Methodological woes

So… I want to capture the moment when someone holds, and responds to, an object. I want to know what it is in the object that they are responding to. So… how to capture that moment?

The obvious answer might be to strap them into FMRI scanner and see which bits of their brain are more active when holding an object. But this won’t work for various reasons. For a start there are the practical issues of holding an object whilst inside a narrow tube and strong magnetic field. Next, though such a scanner might have the spatial resolution, it may not have the temporal resolution. However, more profoundly, object handling occurs within a physical and social environment and these shape each person’s response; so holding an object inside a scanner is significantly different from doing it in a period room with some friends. It seems likely that, even if I could get the experiment to work, I might not be able to extrapolate to the ‘real world’.

Next up would be an EEG scan. This has the temporal resolution but not the spatial resolution. However, some people have developed mobile EEG kits and the idea of having a room full of people all wearing EEG head-nets (so that everyone looked equally silly and no-one knew who was being scanned) appeals to my sense of humour. The supervisor in me knows that ‘it made me laugh’ would not look good in a justification of methodology.

Having discounted direct scanning techniques I have to turn to more observational techniques. This is where my woes start to multiply. I’ started looking at research using sensory methods and stumbled (once again!) into someone else’s debate. (Why is it that academics always argue? Is it part of the job description?) Anyway, there is a debate between proponents of sensory ethnography and those who prefer multimodal analysis with some attempts to find some sort of third way that combines the insights of both. Put simply both involve being with people, watching them and talking with them. It sounds lovely but has some issues that I’m struggling with.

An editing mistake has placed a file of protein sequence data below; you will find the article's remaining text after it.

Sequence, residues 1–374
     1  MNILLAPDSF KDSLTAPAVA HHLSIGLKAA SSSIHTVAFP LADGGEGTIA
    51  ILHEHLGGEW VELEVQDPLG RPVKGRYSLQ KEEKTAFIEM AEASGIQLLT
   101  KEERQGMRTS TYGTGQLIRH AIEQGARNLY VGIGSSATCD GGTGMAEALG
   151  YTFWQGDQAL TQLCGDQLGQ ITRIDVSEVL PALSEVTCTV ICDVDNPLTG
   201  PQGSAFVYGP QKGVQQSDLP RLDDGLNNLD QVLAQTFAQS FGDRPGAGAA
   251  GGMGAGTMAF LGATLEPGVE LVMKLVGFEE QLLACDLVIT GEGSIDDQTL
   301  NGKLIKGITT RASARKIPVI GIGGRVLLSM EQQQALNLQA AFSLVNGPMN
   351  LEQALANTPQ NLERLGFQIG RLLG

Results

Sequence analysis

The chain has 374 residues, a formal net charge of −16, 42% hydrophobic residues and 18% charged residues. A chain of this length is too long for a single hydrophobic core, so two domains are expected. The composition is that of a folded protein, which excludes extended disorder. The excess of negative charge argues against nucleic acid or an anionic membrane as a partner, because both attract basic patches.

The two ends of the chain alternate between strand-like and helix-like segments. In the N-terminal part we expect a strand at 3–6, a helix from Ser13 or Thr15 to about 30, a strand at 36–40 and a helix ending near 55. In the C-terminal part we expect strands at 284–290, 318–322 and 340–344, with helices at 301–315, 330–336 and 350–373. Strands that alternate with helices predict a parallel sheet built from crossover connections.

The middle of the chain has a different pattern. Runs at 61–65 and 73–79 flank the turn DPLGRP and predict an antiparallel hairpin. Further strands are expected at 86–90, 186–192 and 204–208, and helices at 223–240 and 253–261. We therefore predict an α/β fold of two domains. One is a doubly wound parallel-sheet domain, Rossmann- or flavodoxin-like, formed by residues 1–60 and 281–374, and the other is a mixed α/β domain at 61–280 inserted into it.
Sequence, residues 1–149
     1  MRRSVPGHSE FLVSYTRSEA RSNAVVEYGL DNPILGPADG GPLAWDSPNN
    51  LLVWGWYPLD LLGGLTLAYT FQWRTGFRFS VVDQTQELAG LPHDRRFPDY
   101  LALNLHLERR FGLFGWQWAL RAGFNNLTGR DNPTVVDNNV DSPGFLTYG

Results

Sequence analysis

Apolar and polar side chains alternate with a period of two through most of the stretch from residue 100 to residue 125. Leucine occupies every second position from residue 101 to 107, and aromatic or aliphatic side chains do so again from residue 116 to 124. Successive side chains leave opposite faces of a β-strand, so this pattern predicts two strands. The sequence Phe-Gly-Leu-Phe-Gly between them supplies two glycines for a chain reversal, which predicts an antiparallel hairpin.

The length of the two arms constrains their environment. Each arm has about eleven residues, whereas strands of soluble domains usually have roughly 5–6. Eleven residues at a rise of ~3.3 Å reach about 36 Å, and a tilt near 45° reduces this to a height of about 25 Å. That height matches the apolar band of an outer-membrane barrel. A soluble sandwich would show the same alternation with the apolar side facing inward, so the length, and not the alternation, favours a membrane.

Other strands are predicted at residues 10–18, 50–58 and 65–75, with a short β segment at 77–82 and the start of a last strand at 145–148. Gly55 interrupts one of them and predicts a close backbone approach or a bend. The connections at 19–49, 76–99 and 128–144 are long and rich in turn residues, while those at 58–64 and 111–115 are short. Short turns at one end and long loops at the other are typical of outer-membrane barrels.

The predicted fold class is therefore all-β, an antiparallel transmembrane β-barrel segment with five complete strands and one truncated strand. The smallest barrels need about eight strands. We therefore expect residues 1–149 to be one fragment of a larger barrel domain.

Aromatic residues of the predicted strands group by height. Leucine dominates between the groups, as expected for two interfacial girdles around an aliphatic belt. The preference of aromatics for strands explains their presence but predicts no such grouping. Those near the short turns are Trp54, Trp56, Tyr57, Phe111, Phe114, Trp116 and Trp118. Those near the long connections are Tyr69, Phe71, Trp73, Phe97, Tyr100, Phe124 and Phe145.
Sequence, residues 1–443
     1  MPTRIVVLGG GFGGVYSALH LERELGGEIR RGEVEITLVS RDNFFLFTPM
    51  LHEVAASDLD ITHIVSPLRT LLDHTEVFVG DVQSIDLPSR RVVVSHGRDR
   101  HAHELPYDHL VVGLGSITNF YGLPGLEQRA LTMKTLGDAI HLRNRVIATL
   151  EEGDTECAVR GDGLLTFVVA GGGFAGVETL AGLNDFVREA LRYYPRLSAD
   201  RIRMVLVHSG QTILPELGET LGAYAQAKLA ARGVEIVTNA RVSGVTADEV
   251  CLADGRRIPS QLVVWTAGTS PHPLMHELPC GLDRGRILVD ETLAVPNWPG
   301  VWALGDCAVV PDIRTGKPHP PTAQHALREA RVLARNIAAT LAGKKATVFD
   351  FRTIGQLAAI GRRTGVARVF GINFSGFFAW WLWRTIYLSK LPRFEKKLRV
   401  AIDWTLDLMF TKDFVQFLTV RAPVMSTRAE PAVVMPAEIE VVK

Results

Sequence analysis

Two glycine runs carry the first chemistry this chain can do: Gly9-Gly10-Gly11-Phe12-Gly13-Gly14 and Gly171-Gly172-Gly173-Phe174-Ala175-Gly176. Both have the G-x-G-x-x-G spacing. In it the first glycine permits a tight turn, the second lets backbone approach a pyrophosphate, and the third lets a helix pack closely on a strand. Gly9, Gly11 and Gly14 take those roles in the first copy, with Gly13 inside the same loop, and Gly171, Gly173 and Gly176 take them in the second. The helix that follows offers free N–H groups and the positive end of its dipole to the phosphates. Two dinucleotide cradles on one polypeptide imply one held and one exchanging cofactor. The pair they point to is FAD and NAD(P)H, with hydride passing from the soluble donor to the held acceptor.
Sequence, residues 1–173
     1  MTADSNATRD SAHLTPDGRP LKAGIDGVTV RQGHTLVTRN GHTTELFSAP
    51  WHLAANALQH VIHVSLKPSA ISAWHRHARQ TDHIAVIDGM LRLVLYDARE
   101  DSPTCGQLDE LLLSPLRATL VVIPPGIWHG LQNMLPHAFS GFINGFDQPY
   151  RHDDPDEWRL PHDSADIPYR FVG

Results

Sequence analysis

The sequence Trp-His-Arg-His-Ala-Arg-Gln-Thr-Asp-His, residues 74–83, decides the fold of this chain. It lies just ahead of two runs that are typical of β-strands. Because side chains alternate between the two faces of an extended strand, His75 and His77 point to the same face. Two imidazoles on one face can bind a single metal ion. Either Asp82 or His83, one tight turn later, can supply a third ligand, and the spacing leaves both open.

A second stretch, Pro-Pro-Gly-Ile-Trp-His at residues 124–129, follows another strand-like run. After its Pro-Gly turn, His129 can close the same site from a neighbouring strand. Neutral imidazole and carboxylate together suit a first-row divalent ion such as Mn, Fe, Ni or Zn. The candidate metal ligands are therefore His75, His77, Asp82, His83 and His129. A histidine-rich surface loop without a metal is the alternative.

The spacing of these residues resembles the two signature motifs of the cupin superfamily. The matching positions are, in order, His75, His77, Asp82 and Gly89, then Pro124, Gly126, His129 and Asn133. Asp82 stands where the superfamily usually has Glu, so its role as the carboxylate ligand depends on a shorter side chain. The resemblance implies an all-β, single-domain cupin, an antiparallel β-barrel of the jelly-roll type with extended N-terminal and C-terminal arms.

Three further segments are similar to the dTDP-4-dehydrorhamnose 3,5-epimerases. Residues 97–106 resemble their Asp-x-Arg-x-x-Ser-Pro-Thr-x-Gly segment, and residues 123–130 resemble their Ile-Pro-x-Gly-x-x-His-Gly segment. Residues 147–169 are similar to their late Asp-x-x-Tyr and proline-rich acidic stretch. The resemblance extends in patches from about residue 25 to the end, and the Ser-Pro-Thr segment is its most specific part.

Firstly, part of the sensory ethnography approach is an emphasis on the self-reflexive researcher. I can’t argue with that but, if the participant is responding to [object + social environment + physical environment] then equally the researcher is responding to the [participant +object + social environment + physical environment] and this feels like we’ll end up trapped in an intellectual hall of mirrors. The thought horrifies me.

Secondly, the work of behavioural economists suggests that people are not always aware of the stimulus they are responding to, nor how it is shaping this response. So far, I have taken that insight to heart but this means that talking to people about their sensory experience is misleading, if not futile, because the participants may not be consciously aware of what it was about the object they responded to. Or they may unknowingly shape their narrative of their response to suit the social environment. Talking has to be treated circumspectly.

So, I’m left with observation. It’s a deeply flawed method subject to my interpretation. Although I may be able to ameliorate that subjectivity with a rigid data analysis framework and duplicate, separate data coders to check for consistency. But what am I looking for? Glances? Transient moves of fingers? Half formulated fragments of sentences? Perhaps it is inevitable that the traces of a fleeting moment are themselves ephemeral and resistant to capture but with a distant history of metal bashing behind me, I find this deeply unsatisfactory / unsettling.

About Bruce Davenport

Research associate at Newcastle University. Previously a museum educator and researcher.
This entry was posted in qualitative methods, research methodology. Bookmark the permalink.

2 Responses to Methodological woes

  1. Interesting dilemma. Perhaps some level of understanding could be gleaned from the questions and discussion sparked by an object? Observing many different people holding the same object one might start to pick up patterns in the subsequent questions/discussion that give some indication of what they are responding to. Some follow-up questions to the people observed might also eventually show if there are other common factors that influence certain reactions. Alternatively one might observe the same individual reacting to a range of different objects, again looking for any patterns that might indicate what the person was responding to in the object.

    Tricky question!

    • Indeed. I do think that objects work in a similar fashion to linguistic metaphors in that they shape the direction of your associative thinking without you necessarily being aware of it. So, if I could experiment on a large enough population patterns might emerge, as you suggest. However, I think I’d also need some fine-grained observation if I have any chance of capturing which aspect of the object is the initial prompt for that chain of association.

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